Then there's super athletic bro athlete guy. He's always talking about macro ratios and clean eating. He comments on my food when it's healthy. He'll give me a thumbs up if I'm eating chicken breast, vegetables, and fruit for lunch he'll tell me "good for you!" but ignores me if I'm eating cheese, pickles, and bread.

It wouldn't be that big of a deal if people just ate what they wanted to eat (for whatever reason, disordered or not). The problem is that people talk about it. They talk about their bodies and their eating habits and it is triggering for me.
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Old 05-06-2014, 06:48 PM   #3
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Years ago I went to a group held for people recovering from eating disorders. I was seeking help to heal from my own (starve/binge). Although ultimately, I do better and have done better working through it alone.

Anyway, one of the main commonalities was the secret keeping. Some of the people there were recovering from anorexia and/or bulimia. We all agreed that often we wanted to be alone with our disease. This manifests in many ways, but an example of something I did frequently many years ago was avoid going places that did not have "safe food" which was food I could eat without then dealing with guilt. So if my friends went out for pizza, and I knew that the place only served pizza or past dishes and friend food (not safe foods) I'd decline if I couldn't sway them to eat else where. And I never made my restaurant choice about the food! When I asked friends to change places it was because the other place was closer or cheaper, never about the food there!

But talking about it was a no no, because it drew attention to my disease and its a shameful feeling. If I went all day without eating as I often did, I didn't tell anyone. I didn't talk diet talk or anything that might be topic related to me disorder. I binged or starve and never talked about eating with anyone, for fear they would find out... It seems to me that some of the people you are talking about do not have disordered eating. They may have a preoccupation with their food or weight at this time (bathing suit season is coming) or for the ones that are very fit, it is obviously their passion. But I wouldn't go so far as to say disordered eating just because they have habits or behavior that make you uncomfortable.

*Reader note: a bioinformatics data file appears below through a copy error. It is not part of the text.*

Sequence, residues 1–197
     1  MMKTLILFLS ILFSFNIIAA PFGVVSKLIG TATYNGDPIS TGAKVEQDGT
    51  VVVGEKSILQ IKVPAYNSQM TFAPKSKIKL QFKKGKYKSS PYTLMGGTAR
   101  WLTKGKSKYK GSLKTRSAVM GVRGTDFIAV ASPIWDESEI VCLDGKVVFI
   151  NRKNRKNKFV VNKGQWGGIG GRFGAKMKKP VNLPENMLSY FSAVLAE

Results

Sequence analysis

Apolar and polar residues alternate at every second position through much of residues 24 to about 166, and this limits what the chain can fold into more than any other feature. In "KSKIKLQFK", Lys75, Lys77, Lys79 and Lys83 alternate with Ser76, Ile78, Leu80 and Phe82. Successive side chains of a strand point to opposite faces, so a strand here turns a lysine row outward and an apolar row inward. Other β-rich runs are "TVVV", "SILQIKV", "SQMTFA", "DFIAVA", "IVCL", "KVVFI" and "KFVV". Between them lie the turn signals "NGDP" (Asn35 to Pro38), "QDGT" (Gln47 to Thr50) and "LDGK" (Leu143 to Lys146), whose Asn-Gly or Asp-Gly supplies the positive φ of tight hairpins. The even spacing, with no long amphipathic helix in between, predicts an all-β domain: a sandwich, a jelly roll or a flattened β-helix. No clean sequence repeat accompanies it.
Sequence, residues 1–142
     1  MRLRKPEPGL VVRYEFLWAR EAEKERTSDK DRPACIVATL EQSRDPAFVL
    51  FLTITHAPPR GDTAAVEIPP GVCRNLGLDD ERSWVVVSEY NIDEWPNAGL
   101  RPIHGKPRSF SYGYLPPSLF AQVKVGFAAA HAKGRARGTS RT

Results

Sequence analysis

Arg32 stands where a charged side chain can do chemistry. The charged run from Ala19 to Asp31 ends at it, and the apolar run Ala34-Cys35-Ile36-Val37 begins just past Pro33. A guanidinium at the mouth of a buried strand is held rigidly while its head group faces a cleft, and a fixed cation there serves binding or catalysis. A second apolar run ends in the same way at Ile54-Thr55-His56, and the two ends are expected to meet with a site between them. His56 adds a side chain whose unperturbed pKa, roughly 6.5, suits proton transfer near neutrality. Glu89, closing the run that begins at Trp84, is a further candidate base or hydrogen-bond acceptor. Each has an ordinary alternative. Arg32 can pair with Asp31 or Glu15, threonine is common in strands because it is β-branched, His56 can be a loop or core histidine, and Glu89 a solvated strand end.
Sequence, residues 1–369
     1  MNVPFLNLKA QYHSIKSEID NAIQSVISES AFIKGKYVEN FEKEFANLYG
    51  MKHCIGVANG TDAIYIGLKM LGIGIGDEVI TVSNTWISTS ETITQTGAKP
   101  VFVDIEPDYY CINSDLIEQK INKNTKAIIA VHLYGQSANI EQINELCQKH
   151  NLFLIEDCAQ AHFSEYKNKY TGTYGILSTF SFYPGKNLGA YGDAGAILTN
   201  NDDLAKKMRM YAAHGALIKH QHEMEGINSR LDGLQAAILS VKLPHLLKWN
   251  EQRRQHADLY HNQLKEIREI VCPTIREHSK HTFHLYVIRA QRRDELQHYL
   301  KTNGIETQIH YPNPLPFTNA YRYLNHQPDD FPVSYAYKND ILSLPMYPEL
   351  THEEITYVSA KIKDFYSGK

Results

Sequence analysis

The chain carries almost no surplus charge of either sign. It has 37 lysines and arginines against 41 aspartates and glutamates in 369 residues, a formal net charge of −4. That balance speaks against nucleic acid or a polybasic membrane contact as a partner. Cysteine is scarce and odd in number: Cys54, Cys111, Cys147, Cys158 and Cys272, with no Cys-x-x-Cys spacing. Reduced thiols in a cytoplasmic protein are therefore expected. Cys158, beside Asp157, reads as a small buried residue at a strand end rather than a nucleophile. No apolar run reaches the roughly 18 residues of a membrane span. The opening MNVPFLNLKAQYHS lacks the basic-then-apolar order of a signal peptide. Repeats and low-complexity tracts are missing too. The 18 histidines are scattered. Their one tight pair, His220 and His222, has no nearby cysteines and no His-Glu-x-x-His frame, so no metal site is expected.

In my experience ,for people that truly have eating disorders, it is not something they wave like a flag and talk about, complaining about donuts to others, or are vocal about their diet endeavors...they are usually more about hiding it from others...

Perhaps the example given of the obese person that wont eat in front of others would be this. As they will not even eat in front of others (shame??) but obviously they have a closet binge eating disorder, as you pointed out, as evident by their weight.
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Old 05-06-2014, 09:18 PM   #4